Provided by: LTM-Manfred Krellenberg

An der Obertrave

Once you have passed the bars and restaurants of the Obertrave, you will think you've entered a different world and if there wouldn't be some cars parking on the side of the cobbled roads, one could get the impression of being in a different century. Lovely little colourful houses, only seperated from the River Trave by a small road and a strip of grass, beautiful courtyards and their residents simply enjoying life can be seen when you walk along the Obertrave, just onto Lübecks cathedral.
Read more

Museum Harbour

Take a visit to the Museum Harbour in Lübeck's Old Town and discover the Lisa of Lübeck and other historical traditional sailings vessels, it is also possible to sail with them. Centuries are tied up here. Behind the 100-year-old swing bridge, lies the home port with more than 20 seaworthy, traditional sailing ships. The old sailing ships were acquired and restored by lovers of traditional seafaring and are now berthed at the Untertrave against the picturesque backdrop of Lübeck's Old Town.
Read more

The vault of St. Mary's

St. Mary's church has the tallest brick vault in the world and looking up to it from the ground of the church is stunning already. But you can also get the chance to discover this amazing architecture from a different perspective. St. Mary's offers a guided tour through the arch of the church from where you can get an idea of the dimension of the whole construction. Not many people have seen Germany's third largest church from this angle and it is definitely a unique experience!
Read more

Brodten Steep Coast

From a paradise for beach pirates to a haven for sand martins – the Brodten steep coast with its strange cliff formations is a fantastic place for long walks. In the Middle Ages, beach pirates would light beacons to lure ships onto the sand banks just off the coast and would then plunder them. Thankfully, these bleak times are long gone, In the 19th century, increasing numbers of summer visitors to the up-and-coming resort of Travemünde “discovered” the perfect excursion destination: the Hermannshöhe with its Seetempel gazebo. The striated, sometimes towering cliffs of the Brodten steep coast stretch for 4 km. The whole area is known as the Brodtener Winkel and is a protected conservation area. The Baltic Sea created the cliffs over the centuries – and the sea and wind still “nibble” away at the Brodten steep coast today. Up to a metre a year is eroded by the sea and washed up a couple of 100 m further down on the beaches of Travemünde or Priwall. A bluff (“active cliff”) occurs when the sea has free rein. It is directly exposed to the might of the waves and is used as a breeding ground by the rare sand martins, which nest in holes in the cliff face. Towards Niendorf the southern part of the cliff becomes a “passive cliff” – the erosion here has largely ceased and the former steep cliff edge has been “reconquered” by thick vegetation.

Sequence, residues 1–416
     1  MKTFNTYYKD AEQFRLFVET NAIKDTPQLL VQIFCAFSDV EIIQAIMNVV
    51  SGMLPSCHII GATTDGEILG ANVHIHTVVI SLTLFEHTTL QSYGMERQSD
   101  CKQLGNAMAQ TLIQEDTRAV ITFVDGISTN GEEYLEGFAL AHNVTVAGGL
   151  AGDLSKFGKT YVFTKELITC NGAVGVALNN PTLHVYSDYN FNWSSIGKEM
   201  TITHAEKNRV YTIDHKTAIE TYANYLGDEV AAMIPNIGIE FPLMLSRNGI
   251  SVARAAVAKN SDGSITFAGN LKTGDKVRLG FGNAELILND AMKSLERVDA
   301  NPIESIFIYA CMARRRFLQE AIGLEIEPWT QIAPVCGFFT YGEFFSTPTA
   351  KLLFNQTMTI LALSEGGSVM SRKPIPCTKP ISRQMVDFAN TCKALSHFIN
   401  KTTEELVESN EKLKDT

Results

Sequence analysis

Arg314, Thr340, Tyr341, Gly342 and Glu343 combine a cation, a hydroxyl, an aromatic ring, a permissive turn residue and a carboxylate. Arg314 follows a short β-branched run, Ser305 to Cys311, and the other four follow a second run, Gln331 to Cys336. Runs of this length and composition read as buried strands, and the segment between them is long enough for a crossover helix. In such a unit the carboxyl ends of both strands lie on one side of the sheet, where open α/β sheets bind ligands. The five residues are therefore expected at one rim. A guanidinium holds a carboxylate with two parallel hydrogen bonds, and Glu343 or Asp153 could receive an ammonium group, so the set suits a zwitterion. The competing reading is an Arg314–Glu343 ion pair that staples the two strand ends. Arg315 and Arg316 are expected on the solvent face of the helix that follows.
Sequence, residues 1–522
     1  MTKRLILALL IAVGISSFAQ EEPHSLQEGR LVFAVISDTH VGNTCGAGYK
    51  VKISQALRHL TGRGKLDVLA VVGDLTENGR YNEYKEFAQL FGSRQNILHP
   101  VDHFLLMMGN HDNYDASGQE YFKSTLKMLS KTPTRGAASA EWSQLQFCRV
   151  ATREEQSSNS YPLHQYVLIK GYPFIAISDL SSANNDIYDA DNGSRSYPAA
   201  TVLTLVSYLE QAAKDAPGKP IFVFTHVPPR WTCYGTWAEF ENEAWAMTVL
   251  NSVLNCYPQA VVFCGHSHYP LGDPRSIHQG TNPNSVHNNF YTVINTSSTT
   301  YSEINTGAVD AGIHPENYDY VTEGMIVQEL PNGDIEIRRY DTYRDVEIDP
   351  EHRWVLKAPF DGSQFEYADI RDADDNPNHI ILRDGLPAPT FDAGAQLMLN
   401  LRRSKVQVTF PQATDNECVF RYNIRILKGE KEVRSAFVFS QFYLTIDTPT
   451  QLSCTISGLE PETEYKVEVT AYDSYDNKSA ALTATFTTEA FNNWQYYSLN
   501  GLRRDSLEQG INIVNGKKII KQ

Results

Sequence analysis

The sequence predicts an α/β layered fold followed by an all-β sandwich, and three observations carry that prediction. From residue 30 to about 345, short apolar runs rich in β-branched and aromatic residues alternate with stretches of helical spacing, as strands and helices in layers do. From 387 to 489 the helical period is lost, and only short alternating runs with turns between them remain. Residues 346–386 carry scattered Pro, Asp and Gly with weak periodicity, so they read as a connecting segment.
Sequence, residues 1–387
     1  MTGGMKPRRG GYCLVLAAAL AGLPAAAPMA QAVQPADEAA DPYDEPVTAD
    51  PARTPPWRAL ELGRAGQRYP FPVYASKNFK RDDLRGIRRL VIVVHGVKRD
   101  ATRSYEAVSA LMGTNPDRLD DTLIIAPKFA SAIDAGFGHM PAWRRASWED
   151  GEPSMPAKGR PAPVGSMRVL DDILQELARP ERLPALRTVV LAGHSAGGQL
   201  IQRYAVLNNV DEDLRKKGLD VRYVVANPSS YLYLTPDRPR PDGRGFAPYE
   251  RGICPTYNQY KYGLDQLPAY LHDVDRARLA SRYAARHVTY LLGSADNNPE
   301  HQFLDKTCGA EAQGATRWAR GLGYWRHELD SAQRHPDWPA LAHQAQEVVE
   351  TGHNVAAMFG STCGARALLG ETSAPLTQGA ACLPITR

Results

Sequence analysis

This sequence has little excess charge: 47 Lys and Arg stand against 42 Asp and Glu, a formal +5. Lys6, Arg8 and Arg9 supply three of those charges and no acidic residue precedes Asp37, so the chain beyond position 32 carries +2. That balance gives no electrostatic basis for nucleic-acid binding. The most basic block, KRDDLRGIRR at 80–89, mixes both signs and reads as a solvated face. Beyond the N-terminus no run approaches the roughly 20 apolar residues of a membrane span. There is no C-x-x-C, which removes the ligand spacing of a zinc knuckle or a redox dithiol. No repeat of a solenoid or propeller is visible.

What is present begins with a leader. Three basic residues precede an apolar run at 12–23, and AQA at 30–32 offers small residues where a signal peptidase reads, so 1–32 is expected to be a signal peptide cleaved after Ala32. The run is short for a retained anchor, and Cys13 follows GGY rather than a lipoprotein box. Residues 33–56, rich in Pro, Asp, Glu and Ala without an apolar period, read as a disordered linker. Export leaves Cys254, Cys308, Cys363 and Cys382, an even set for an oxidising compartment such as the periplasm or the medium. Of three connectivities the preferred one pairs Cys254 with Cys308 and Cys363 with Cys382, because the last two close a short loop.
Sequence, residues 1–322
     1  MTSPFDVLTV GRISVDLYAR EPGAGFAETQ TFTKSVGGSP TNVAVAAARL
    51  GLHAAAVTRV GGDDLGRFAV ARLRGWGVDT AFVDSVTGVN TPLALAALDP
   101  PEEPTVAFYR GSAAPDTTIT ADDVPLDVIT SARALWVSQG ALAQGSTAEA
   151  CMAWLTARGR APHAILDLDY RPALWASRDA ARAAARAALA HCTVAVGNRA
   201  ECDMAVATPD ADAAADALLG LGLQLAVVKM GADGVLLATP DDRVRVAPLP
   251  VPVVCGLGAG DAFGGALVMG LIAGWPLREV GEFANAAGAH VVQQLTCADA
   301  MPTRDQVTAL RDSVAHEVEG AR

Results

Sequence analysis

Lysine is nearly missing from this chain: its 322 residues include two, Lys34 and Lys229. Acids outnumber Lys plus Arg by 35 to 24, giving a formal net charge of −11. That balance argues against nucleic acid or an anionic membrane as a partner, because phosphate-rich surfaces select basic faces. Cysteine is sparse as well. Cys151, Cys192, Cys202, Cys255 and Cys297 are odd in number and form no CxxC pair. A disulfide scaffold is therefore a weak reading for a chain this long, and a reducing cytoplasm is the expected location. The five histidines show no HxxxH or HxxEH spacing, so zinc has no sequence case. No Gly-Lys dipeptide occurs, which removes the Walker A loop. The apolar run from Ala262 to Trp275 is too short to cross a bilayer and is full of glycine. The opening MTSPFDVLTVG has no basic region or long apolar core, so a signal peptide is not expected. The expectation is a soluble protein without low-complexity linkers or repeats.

Read more

Courtyards and Alleyways

Just like other big cities of the late Middle Ages and the beginning of modern times, Lübeck had a great number of daytellers and delivery boys. They chiefly lived in little houses called “Buden” (shacks), which were densly crowded on premises in street corners, at the back of townsmen’s houses and in the inner parts of housing blocks. Those hidden parts were called alleyways and alleyway quarter. Quickly the salesman, richer middle class and church men discovered how much there was to earn with a well emballished courtyard. Of course the trade with these little housing alleys and exorbitant rates prospered widely. Therein it was up to the owner how many families he cramped into the tiny flats and how many buildings he erected behind his own house. With the general growth of population during the second half of the 15th century Lübeck’s population increased by 25%. This led to a pauperisation of a big part of the population and with it to an extended and modernised quarter of alleyways. Towards the end of the 17th century Lübeck had more then 180 alleyways. Today about 90 of them have survived. A few of the most popular ones are presented here: Engelsgrube (Angel’s path) – Where the English were called Angels Hellgrüner und dunkelgrüner Gang – A green paradise in the backstreets Lüngreens Gang ( Fischergrube No. 38) – submerging in the labyrinth of alleys
Read more

Enchanting illumination at the Nordermole

Enchanting illumination at the Nordermole While other places turn dark in winter time, Travemünde is illuminated by “Northern Lights”. Three elks travelled from the deep forests of Sweden and provide for an enchanting illumination at the Nordermole. With over 10,000 LED lights, the herd made of 5-metre-high golden aluminium frameworks, greets all visitors of the Bay of Lübeck from afar and introduces the Christmas season with a spectacular light event. Be it a cool selfie point, meeting place for lovebirds or destination for a family trip – Travemünde’s guests will love the elks. The new winter attraction will be illuminated round the clock and shining until the end of February. Time enough to set off to Travemünde for an elkscursion – selfie or it didn’t happen! #TRelche
Read more
View Unique Spots on map